- July 30, 2022
Is It Time To Work With China In Space?
Keith’s note: China is getting ready to launch a new space station which, when complete, will be on par with Mir with many capabilities similar to those offered by the ISS. China is openly seeking governmental and commercial participation. Meanwhile they are about to land a rover on the far side of the Moon as part of a methodical plan to land humans there.
Meanwhile NASA is trying to rid itself of the ISS through various half-hearted efforts to commercialize this amazing resource that rely on smoke and mirrors and faith-based funding plans. NASA is also puffing itself up again for the third time in less than 20 years to #GoBackToTheMoon or something with budgets that do not come close to making such a thing possible. Oh by the way #JourneyToMars is still on the books.
One would think that the prudent thing would be to leverage our interests with those of China as we have done with Russia and many other nations around the world. But short-sighted legislation and targeted xenophobia currently prevents this.
I was working at NASA in the 1990s when we were tasked with planning to bring the former USSR/Russia into the space station program. Xenophobia abounded. Indeed, you can take everything that circulated back then about how awful the Russians were and just replace that with “China”. But we made it work and the ISS is a stunning physical manifestation of what nations can do when they elevate something like space exploration above petty politics.
Interestingly, every time the bad relationship between the U.S. and Russia gets worse there is no mention of altering U.S./Russian cooperation in space. Somehow NASA, Russia, and all of the other ISS partners have managed to construct a working relationship on Earth as well as in space that is able to function despite terrestrial political difficulties. Indeed some people have made a serious effort to nominate the ISS for the Nobel Peace Prize for this multi-decade peaceful international cooperative venture.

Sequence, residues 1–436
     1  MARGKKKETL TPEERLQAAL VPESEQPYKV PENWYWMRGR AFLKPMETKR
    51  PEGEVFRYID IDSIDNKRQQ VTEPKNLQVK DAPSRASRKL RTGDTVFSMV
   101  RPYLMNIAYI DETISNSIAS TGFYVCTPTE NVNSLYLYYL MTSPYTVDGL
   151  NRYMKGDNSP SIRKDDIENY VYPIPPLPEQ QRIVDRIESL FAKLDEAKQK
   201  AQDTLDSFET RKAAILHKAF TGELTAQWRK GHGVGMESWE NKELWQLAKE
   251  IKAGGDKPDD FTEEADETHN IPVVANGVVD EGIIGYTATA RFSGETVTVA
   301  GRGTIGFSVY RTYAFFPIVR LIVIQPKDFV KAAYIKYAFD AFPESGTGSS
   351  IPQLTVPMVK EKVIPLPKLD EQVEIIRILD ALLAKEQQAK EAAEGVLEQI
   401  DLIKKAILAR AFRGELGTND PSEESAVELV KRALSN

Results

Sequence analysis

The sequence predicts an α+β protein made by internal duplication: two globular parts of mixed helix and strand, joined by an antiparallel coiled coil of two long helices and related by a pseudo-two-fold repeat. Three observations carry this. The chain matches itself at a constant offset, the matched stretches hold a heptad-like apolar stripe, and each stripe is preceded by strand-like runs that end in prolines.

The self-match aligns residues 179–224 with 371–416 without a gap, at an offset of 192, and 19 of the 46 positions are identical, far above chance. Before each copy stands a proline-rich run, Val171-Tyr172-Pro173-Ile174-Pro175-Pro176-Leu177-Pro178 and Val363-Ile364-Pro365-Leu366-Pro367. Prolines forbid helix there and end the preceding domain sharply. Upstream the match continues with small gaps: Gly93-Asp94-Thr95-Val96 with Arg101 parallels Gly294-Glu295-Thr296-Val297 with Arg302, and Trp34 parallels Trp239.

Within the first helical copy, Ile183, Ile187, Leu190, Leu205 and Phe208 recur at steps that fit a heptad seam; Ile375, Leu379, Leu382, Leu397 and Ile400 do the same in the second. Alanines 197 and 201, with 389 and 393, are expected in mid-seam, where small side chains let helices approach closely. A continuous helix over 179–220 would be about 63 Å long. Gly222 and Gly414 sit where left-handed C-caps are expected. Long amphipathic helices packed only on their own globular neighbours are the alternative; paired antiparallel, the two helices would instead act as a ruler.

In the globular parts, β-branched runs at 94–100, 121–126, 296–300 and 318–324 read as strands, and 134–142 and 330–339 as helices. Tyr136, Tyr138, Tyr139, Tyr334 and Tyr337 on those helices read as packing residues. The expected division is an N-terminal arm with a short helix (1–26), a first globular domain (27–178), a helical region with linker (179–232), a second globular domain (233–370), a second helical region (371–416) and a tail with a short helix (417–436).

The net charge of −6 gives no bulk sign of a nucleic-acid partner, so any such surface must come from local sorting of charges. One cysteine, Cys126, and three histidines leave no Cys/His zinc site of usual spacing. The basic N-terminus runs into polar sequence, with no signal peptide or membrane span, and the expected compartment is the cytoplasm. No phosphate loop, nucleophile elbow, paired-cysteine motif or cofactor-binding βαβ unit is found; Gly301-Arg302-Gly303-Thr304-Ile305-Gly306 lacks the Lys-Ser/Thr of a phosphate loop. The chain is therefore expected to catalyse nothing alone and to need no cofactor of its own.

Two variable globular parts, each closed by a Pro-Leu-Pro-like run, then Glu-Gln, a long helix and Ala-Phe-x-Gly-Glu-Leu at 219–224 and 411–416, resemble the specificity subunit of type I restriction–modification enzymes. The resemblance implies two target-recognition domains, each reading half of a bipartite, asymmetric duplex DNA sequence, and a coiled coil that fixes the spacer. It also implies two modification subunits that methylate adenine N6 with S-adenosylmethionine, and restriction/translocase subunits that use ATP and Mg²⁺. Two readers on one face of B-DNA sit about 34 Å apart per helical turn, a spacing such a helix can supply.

Why is space seen as a venture that seemingly transcends terrestrial politics – indeed, one where peaceful collaboration regularly prevails over less desirable behavior? There is a precedent: Antarctica.
A new NASA Administrator and an embryonic space policy being formulated by the National Space Council will have to deal with the issue of China. They have a plan and they are sticking to it with steely determination. Do we just pretend they are not there or do we look back at history’s successes and embrace China – and other nations – in the exploration and utilization of space? And for those xenophobes who throw up reasons not to engage with China – just use the word “Russia” instead and then ask yourself if you are being consistent.
The more all nations rely on a space infrastructure that is interlinked, cross-standardized, and inherently multi-national – with their own citizens living in orbit and elsewhere – one would think that the less likely it will be that one nation is going to try and disrupt that infrastructure.
Or we can just ignore China and sit back while they go and develop an extensive international relationship – without us.
China Is Seeking Users For Their New Space Station, earlier post
China Reminds Washington About Their Space Program, earlier post
Will Terrestrial Politics Soon Have An Offworld Impact? (Update), earlier post
The Curious Geopolitical Immunity of the International Space Station, earlier post